Steven Isserlis rampant

Should we know the story behind the creation of a piece of music, or should we let it speak for itself? The British cellist Steven Isserlis poses this question in the liner note to a CD he has just recorded with the American violinist Joshua Bell. The question is pertinent because the works they play by Schumann and Brahms are seamed with implicit messages by the composers. Moreover, one of those works ends with a ‘codetta’ appended by Benjamin Britten which Isserlis discovered after it had lain forgotten since its premiere fifty-eight years ago: that too has its own poignant back-story. Knowing these things changes the way we listen.

But Isserlis, who has just republished Robert Schumann’s Advice to Young Musicians – including some new advice of his own – is much more than a musicological sleuth: he’s an acclaimed and much sought-after soloist. He also runs festivals, is artistic director of the International Musicians’ Seminar at Prussia Cove in Cornwall, and champions music he regards as underrated; his children’s books about composers reflect a passionate commitment to music education. Few classical musicians can match his influence.

Now fifty-eight, and perennially sporting a wild mop of hair suggestive of a surprised hedgehog, he has a Puckish air: what makes him tick? The key lies in his childhood, and a family tree he is proud to share with Felix Mendelssohn and Karl Marx which stretches back to the sixteenth-century Polish Talmudic scholar Moses Isserles. His grandfather Julius Isserlis – a Russian-Jewish pianist-composer who studied with Tchaikovsky’s pupil Taneyev, and was one of the first Soviet musicians allowed by Lenin to tour abroad (he never went back) – had a direct bearing on Steven Isserlis’s development. He has recorded some of Julius’s charming, late-Romantic music, and Julius’s gold medal from the Moscow conservatoire now hangs on his grandson’s drawing-room wall.

Music-making was central to Isserlis family life. Steven’s mother was a piano teacher, his father played the violin, and his elder sisters were professionals on the viola and violin respectively; taking up the cello, he completed a family ensemble which gave public performances. At fourteen he was taken out of school and spent three years sequestered in Scotland with a teacher who inculcated the basics of his immaculately expressive style; he then studied at the Oberlin conservatory. He has always wanted to emulate the example of the Russian cellist Daniil Shafran, whose instrumental sound was ‘like the voice of a Russian folk singer’.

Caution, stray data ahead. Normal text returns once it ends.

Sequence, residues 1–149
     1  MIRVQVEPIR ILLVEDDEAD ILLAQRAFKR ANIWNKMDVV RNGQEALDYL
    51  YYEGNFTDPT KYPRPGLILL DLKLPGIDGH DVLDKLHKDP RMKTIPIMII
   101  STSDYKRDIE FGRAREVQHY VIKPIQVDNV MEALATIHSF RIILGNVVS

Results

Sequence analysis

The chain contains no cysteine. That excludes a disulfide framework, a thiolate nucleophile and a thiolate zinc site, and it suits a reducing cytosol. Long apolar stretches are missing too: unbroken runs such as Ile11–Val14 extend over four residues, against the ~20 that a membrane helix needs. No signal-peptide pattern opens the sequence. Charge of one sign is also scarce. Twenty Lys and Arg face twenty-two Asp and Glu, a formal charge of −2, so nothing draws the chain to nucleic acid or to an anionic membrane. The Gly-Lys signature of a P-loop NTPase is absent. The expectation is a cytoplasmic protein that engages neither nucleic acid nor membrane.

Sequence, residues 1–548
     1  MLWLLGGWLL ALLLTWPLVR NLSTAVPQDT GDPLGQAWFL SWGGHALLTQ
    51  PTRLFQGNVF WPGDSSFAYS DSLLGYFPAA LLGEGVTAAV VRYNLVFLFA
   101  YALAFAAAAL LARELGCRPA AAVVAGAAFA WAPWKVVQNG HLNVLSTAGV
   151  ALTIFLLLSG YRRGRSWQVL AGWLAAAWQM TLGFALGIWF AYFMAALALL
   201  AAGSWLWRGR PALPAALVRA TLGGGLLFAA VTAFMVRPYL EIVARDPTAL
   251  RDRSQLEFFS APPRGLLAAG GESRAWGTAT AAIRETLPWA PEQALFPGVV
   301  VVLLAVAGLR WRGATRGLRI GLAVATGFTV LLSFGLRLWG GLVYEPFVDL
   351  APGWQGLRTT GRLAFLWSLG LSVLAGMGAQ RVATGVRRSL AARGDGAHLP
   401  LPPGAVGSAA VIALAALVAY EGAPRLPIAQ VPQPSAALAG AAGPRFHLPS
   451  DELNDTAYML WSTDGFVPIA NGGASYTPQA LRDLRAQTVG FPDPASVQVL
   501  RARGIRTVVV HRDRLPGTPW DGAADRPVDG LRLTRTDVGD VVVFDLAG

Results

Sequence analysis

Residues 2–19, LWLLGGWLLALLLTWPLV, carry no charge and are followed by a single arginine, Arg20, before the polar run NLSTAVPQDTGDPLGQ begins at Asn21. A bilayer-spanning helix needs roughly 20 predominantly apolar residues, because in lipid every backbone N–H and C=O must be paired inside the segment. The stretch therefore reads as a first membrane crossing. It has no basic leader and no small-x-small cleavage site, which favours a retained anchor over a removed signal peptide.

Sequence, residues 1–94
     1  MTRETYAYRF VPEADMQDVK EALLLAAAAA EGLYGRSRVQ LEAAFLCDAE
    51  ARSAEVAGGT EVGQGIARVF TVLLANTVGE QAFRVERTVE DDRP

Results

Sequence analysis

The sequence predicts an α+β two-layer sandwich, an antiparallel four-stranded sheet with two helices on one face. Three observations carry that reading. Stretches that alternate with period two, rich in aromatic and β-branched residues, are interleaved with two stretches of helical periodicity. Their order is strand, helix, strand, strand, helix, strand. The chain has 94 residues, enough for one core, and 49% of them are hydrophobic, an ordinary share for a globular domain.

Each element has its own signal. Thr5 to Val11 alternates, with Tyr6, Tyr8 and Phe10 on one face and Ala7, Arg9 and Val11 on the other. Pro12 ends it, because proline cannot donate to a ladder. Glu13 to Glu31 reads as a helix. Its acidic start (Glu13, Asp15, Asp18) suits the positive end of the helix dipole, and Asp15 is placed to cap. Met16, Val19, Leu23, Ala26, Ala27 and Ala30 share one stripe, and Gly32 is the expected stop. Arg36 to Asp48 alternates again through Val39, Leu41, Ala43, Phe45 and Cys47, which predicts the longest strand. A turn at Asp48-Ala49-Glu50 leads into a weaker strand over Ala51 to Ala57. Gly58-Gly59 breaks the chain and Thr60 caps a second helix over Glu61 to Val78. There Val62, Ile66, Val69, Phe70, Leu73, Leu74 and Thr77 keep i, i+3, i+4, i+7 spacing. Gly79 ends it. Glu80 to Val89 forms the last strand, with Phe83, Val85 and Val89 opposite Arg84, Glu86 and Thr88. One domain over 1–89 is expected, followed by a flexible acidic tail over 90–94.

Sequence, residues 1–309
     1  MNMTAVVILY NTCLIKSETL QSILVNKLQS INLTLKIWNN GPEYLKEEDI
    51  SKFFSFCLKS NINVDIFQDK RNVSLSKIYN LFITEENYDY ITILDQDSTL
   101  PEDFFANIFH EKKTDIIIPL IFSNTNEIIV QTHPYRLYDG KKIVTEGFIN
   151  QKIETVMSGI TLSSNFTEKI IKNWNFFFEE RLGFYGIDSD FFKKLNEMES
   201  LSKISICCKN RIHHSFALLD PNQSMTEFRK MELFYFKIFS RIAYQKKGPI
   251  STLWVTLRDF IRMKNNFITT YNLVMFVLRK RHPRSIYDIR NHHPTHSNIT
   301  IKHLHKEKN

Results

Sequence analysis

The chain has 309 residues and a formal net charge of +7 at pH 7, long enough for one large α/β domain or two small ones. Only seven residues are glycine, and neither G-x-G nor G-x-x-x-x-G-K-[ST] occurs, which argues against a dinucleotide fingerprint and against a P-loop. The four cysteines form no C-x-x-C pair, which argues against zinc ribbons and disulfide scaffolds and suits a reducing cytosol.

He was a slow starter: the emptiness of his engagement diary in his twenties made him wonder if he’d ever have a career. But when John Tavener wrote a cello concerto entitled The Protecting Veil for him in 1987, its unexpected success catapulted him to fame. It came at a time when audiences had tired of atonal experimentalism, and Isserlis’s glowingly melodious account of Tavener’s meditation on Greek Orthodox themes chimed happily with the popular mood.

Since then he’s taken an unusually eclectic path, recording the concertos and sonatas of Mendelssohn, Grieg, Fauré, and Walton on the one hand, while premiering works by cutting-edge contemporary composers on the other. The craggy Hungarian miniaturist Gyorgy Kurtag – so terrifying that many musicians don’t dare approach him – composed a solo cello elegy for Isserlis to play after his flautist wife Pauline died early from cancer; Thomas Ades chose Isserlis to premiere the cello concerto Lieux retrouvés, his most lyrical work to date. Yet Isserlis is refreshingly ready to slaughter the avant-garde’s sacred cows, dismissing the late Pierre Boulez – the biggest such beast at present – as having had a deleterious effect on musical life. ‘Now there’s room for everybody, every style,’ he proclaims cheerfully. ‘There’s never been such a great age for new music’.

Isserlis is pre-eminently a chamber musician, whether in period-instrument performance with pianists Robert Levin and Andras Schiff, in Romantic music with Joshua Bell, or in new music (including that of the American composer Lowell Lieberman) with his North London neighbour the pianist Stephen Hough. As a soloist, meanwhile, he acknowledges Bach’s six cello suites as his cornerstone: sublime works which fill him with a mixture of fascination, awe, and fear.

After making his award-laden recording of them for Hyperion, he initially vowed he would never play them again: ‘I love them so much, and they make me so nervous, for fear of letting them down.’ He would never emulate Yo-Yo Ma by performing them at one sitting – ‘the concentration would be too much, for both me and the audience’ – but he recently interspersed them with Kurtag miniatures. If Bach’s suites fascinate him, it’s partly because they exploit the cello’s capacities more satisfyingly than any other music has. And partly because, with his musicologist’s eye, he reads into them a mystical Christian program, from the Nativity to the Crucifixion to the Resurrection.

This article was published in The Economist on October 22 2016

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